NEWS: Manila Declaration, Asia Pacific Conference on Disability Rights Treaty

Posted on 1 June 2009. Filed under: East Asia Pacific Region, Human Rights, News, Opinion | Tags: , , , , , , , , , , , , , , , , , , , , , , , , , , , , , , |

IDA – Asia Pacific Regional Conference on the CRPD Implementation and Monitoring

MANILA DECLARATION

February 11-12th, 2009

We, the delegates from The Philippines, Malaysia, Thailand, Indonesia, Vietnam, Bangladesh, Nepal, India, Samoa, Fiji, and Republic of Korea being members of Disabled Peoples’ International, Inclusion International, International Federation of Hard of Hearing People, Rehabilitation International, World Blind Union, World Federation of the Deaf, World Federation of the DeafBlind, World Network of Users and Survivors of Psychiatry, and Asia Pacific Disability Forum, all of which are members of International Disability Alliance (IDA) and participated in Asia Pacific Regional Conference on the CRPD Implementation and Monitoring, held at Manila, The Philippines on February 11-12, 2009,

We acknowledge the support of the Government of The Philippines, Swedish International Development Agency (SIDA), and Katipunan ng Maykapansanan sa Pilipinas, Inc (KAMPI) for this Conference.

After due deliberation and having reached consensus on the implementation and monitoring of the United Nations Convention on the Rights of Persons with Disabilities (UN CRPD) we make the following Declaration which shall be hereby referred to as the Manila Declaration 2009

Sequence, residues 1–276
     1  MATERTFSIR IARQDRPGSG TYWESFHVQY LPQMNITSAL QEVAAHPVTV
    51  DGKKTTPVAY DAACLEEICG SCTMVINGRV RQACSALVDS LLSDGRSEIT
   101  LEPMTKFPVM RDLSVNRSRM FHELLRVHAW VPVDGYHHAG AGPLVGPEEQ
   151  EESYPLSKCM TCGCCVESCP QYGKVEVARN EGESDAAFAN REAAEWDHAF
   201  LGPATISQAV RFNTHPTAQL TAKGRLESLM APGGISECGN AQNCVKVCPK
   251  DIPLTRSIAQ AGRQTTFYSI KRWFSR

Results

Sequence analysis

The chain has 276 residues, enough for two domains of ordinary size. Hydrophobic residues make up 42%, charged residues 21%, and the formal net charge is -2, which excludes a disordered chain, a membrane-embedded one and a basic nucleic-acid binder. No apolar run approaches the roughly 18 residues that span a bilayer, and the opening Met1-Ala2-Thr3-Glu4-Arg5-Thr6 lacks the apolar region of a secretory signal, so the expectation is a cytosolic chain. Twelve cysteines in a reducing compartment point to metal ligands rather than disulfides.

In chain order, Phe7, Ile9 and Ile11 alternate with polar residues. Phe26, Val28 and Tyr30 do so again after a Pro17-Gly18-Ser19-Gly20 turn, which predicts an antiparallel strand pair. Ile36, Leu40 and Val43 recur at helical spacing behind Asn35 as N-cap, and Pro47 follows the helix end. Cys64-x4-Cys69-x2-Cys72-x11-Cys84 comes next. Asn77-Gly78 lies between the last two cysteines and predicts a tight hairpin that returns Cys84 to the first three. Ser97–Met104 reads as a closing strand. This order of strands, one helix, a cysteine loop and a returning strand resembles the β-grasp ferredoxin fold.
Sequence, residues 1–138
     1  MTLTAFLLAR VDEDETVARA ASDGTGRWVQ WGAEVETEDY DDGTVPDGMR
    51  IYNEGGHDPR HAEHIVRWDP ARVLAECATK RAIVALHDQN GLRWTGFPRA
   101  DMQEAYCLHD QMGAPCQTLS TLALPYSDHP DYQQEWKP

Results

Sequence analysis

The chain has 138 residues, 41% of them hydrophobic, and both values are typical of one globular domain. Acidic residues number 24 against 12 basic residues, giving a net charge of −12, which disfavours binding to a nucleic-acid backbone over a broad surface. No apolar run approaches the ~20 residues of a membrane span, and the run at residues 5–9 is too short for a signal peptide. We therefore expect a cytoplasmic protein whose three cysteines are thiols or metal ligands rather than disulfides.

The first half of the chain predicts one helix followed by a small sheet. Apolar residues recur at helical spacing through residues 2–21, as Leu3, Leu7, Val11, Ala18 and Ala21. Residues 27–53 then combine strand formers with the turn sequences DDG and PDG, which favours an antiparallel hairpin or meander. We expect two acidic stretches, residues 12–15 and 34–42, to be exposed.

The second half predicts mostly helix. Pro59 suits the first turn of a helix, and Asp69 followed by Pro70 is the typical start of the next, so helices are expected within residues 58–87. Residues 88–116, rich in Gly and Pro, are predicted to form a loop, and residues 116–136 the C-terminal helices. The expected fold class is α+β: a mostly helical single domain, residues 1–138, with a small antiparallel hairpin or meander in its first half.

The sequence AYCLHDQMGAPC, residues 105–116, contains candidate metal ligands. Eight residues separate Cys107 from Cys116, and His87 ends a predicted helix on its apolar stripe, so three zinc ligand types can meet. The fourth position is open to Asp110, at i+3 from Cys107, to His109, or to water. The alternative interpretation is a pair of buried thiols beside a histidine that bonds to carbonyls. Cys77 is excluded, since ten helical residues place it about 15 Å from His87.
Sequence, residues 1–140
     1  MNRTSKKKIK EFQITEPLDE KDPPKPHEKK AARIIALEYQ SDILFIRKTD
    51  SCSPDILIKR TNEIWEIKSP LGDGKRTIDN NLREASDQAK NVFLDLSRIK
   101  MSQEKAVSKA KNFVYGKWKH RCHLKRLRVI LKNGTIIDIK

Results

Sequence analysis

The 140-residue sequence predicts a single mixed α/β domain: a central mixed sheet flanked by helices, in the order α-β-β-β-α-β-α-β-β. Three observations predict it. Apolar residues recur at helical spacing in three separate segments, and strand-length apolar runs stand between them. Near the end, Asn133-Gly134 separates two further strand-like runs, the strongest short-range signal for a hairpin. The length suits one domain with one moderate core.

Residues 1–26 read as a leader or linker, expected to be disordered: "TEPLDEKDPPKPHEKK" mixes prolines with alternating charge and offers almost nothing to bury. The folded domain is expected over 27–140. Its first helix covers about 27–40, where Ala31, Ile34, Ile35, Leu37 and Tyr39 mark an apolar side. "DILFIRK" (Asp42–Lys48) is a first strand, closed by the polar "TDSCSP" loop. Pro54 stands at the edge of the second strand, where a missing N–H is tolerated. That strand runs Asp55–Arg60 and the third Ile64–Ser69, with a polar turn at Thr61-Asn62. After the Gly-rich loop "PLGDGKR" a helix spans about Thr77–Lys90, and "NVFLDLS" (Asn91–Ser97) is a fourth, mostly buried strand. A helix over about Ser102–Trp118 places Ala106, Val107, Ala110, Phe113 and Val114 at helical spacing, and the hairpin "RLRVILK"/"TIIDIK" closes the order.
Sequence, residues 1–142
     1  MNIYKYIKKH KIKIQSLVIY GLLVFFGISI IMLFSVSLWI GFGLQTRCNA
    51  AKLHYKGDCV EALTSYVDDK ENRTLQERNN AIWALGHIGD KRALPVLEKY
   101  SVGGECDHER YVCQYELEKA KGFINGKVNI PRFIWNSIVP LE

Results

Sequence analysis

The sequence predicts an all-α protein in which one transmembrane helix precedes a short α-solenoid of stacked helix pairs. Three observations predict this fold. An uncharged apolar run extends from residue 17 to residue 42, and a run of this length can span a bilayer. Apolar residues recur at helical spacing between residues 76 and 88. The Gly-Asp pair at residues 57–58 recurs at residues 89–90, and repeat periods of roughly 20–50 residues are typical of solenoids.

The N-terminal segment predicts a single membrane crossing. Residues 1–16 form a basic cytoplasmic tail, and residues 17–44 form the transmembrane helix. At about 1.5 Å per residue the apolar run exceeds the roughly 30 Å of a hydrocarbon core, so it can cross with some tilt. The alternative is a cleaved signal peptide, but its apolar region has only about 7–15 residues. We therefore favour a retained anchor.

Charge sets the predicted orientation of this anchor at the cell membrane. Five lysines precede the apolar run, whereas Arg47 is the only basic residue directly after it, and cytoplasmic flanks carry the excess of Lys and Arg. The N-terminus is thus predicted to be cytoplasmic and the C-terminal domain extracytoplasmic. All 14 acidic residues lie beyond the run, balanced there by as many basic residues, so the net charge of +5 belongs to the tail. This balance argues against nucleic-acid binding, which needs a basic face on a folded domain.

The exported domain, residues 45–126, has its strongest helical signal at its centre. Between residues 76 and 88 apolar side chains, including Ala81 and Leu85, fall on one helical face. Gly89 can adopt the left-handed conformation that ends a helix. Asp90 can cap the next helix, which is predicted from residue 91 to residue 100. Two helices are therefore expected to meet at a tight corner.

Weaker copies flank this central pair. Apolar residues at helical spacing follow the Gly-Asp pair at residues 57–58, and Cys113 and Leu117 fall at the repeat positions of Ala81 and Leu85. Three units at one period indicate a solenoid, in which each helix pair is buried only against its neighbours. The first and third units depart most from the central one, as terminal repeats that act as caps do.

GOVERNMENT
• We urge National Governments in the Asia and Pacific Region, to set the machinery in motion to ensure the signing, ratification without reservation, implementation and monitoring of the UN CRPD and the Optional Protocol;
• We further demand that the governments enact new legislation or amend existing legislation for Persons with Disabilities and related statutes to be in conformity with UN CRPD;

• We urge Public Authorities to change from a charity-based to a rights–based approach and from medical model to social model on disability as required by the UN CRPD;

• We ask all governments to initiate disability sensitization programs and to mainstream disability issues in all national agendas for the empowerment of persons with disabilities ;

• We recognize the vulnerability of all persons with disabilities with HIV/AIDS and we therefore request National Governments to address this urgent issue;

• We urge the Governments to include Children, Women and Youth with disabilities in all education and training programmes;

• We demand that Persons with Disabilities be represented through their representative organizations in law and policy making at all levels as required by Article 4 of UN CRPD;

• We recognize the positive role of Information and Communication Technologies (ICT) in the lives of Persons with Disabilities. We therefore urge the Governments to facilitate the acquisition of ICT equipments;

• We appeal for the enactment of Disability Anti Discrimination Acts in our respective Countries;

• We seek the full participation of Persons with Disabilities in the Asia-Pacific Decade of Disabled Persons (2003-2012) in order to promote the accession, implementation and monitoring of UN CRPD;

HUMAN RIGHTS COMMISSION
We urge National Human Rights Institutions to include CRPD in their Plans and Strategies and constitute a Committee or Focal point to address Disability issues.

INTERNATIONAL DEVELOPMENT AGENCIES
We urge International Development Funding Agencies to include Disability Dimension in all their policies and programs;

We urge International Development Funding Agencies to modify the requirements in the Agreements so as to enable DPOs to access the technical and financial support;

MASS MEDIA
We urge Mass Media to promote positive images of Rights and Concerns of Persons with Disabilities.

NOTHING ABOUT US WITHOUT US



We Can Do received this declaration via several different sources; among them was the mailing list for the Global Partnership on Disability and Development.